It’s the time of the year when thoughts turn again to Edinburgh, as companies weigh up whether to take part in next year’s fringe or not .
This morning, Northern Stage will announce that it is not going to Edinburgh next summer. The Newcastle-based theatre has been a significant presence on the fringe in recent years , showcasing the work of independent artists based in the region and helping them secure exposure, tours and new opportunities .
This comes just a couple of days after the New Diorama announced – as part of its remarkable artist development programme – that it will be working with Underbelly to help nine independent companies stage a show on the fringe  over three consecutive years.
It’s an initiative that will include £3,000 of investment, a venue slot with no deposit or guarantee, an enhanced box office split, and press and marketing support.
It’s great to see the New Diorama – a company whose heady generosity and skill in supporting independent theatre companies is unique – lending a hand to the many who would like to go to Edinburgh but face insurmountable barriers to getting there.
Nonetheless, the decision by Northern Stage highlights the questions that everyone thinking of making the pilgrimage to Edinburgh, whether a funded organisation such as Northern Stage or an independent company, should be asking: Why am I going? What do I want to get out of it? Do the costs and sacrifices merit the potential return? Are there other and better ways to showcase the work?
Northern Stage hasn’t ruled out a return to Edinburgh in 2019. But it is taking a year out – tellingly, during a year in which the biennial British Council showcase , which substantially increases the number of international promoters in town, is not taking place.
Instead, in conjunction with partner theatres, Northern Stage will be trying to come up with a strategy that ensures independent companies and the regional ecology gets the best possible support for the money spent and effort expended.
Rather than putting more money into the hands of Edinburgh Council and private landlords, it is asking whether the money could be better spent at the Dublin Fringe, or at Noorderzon in the Netherlands , or somewhere else. Or perhaps supporting independent artists all year round so that they can tour regionally and nationally.
It is, as Northern Stage’s artistic director Lorne Campbell  says, a question of rethinking how “you use the 6ft funding and resources duvet that Northern Stage has at its disposal to cover an 8ft bed”.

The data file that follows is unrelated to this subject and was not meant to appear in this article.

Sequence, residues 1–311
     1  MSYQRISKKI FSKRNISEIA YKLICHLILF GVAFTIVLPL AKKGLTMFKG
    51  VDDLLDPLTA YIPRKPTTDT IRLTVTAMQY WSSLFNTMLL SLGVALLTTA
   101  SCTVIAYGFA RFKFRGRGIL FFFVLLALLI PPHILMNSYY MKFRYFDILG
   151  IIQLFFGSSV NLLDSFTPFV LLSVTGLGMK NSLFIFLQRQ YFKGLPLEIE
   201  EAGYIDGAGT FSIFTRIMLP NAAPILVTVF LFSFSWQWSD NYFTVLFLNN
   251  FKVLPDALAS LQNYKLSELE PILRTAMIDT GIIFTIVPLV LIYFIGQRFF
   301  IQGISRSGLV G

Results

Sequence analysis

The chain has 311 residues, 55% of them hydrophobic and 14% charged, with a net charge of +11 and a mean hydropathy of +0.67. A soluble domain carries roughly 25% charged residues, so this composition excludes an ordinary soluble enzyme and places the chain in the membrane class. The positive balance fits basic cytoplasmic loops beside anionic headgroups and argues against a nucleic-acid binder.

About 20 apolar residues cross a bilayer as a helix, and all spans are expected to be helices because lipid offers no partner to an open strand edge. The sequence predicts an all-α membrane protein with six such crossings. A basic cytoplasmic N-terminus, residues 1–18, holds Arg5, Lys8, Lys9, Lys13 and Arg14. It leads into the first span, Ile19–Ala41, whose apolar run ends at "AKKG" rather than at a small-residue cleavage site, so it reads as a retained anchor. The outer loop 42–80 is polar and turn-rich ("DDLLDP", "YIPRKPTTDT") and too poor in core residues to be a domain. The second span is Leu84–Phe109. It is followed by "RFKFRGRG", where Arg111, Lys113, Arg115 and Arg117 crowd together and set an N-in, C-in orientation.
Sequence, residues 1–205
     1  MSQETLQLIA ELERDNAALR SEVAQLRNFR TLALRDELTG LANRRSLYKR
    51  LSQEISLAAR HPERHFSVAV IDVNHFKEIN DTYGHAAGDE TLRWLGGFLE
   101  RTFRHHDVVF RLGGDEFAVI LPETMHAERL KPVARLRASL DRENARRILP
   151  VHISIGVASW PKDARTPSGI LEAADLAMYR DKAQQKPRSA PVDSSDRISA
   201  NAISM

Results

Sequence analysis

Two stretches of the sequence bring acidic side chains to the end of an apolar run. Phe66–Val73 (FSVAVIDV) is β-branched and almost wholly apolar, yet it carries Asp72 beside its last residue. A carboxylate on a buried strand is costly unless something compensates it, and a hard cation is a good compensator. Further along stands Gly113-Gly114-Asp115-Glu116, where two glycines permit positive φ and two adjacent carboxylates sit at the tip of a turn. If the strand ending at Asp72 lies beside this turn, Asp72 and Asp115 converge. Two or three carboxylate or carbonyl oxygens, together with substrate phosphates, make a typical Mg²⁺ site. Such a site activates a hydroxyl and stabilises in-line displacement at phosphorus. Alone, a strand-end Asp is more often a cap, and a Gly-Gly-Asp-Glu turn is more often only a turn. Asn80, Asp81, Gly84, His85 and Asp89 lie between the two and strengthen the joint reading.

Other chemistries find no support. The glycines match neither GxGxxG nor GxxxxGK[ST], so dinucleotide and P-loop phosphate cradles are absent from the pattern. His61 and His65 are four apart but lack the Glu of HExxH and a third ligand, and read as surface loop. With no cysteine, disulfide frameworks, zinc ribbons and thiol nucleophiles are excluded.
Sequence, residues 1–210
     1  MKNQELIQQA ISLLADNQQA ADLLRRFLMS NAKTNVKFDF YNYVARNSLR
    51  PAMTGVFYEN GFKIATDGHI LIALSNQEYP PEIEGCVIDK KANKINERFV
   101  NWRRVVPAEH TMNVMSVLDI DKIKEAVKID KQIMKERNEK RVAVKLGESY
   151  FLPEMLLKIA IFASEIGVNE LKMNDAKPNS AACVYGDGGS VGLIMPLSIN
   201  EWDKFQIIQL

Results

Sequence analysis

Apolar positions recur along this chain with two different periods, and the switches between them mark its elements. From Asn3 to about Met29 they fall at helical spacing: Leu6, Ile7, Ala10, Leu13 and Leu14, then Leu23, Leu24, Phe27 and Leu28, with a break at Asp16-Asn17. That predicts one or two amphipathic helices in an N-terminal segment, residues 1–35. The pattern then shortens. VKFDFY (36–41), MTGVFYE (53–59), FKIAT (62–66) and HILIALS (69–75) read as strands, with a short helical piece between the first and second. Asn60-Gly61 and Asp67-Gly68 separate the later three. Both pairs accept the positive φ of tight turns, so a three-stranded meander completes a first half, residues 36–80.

Which bits should really be kept covered and warm? Particularly in an increasingly chilly climate of falling lottery sales  and independent artists reliant on diminishing funding pots from the Arts Council and Creative Scotland.
The New Diorama initiative offers one approach, and Northern Stage another. It’s not that one is better than the other but realising that it’s a case of horses for courses. The New Diorama is supporting the wider independent sector, while Northern Stage is considering the best way to support and showcase the independents operating in its region.
It is exactly what Band One organisations such as Northern Stage, which are getting the highest national portfolio organisation settlements, should be doing in order to offer the best possible support to the regional and wider theatre ecology.
Many have been doing it to some extent, though often in the form of collaborations involving unequal power relationships.
Some have done it with such imagination and generosity that they have helped change the landscape for independent companies in their regions. Derby Theatre, for instance, has done just this and has seen a 59% rise in its NPO funding as a reward. This is an example of an NPO taking its responsibilities to the wider sector seriously and Arts Council England recognising its contribution.
Thinking about how you support others, and not just yourself, as Derby, New Diorama and Northern Stage do, is more crucial than ever. The independent sector is facing what has been described to me in recent weeks as “a perfect storm”, “carnage” and “Armageddon” because of the pressure on Grants for the Arts in England and the Open Fund in Scotland.
For many independent companies, these funds are their best chance of financing work and without a reasonable strike rate their futures are unsustainable. Many will simply cease to exist over the next few years.
Those NPOs with money and resources, who look only to their own survival, will find themselves the sole survivors, the battered tree isolated in a cultural wasteland. It’s only by supporting the new shoots and tender plants and keeping the whole ecology healthy that today’s tall trees will thrive themselves.